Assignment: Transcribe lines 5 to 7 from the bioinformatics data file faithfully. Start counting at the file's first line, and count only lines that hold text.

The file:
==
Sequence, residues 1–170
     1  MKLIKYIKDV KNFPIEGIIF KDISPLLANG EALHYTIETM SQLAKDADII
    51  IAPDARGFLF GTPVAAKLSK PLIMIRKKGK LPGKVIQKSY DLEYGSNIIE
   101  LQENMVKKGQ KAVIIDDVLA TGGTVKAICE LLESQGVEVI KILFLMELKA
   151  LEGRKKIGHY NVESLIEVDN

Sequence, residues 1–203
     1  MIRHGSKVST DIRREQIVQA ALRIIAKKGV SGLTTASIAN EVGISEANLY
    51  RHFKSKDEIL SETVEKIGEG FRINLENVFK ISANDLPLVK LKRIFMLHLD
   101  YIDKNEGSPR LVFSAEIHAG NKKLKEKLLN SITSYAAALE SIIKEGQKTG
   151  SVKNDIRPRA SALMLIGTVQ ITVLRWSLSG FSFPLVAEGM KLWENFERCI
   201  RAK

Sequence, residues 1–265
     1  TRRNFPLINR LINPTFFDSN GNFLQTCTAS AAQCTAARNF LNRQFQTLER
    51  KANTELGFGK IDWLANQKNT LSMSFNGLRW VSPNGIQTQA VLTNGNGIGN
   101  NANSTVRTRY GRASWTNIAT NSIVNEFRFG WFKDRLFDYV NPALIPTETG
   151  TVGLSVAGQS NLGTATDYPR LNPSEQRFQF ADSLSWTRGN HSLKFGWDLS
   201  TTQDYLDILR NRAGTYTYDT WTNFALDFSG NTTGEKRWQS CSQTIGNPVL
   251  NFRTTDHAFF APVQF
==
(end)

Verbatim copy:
   151  LEGRKKIGHY NVESLIEVDN

Sequence, residues 1–203
     1  MIRHGSKVST DIRREQIVQA ALRIIAKKGV SGLTTASIAN EVGISEANLY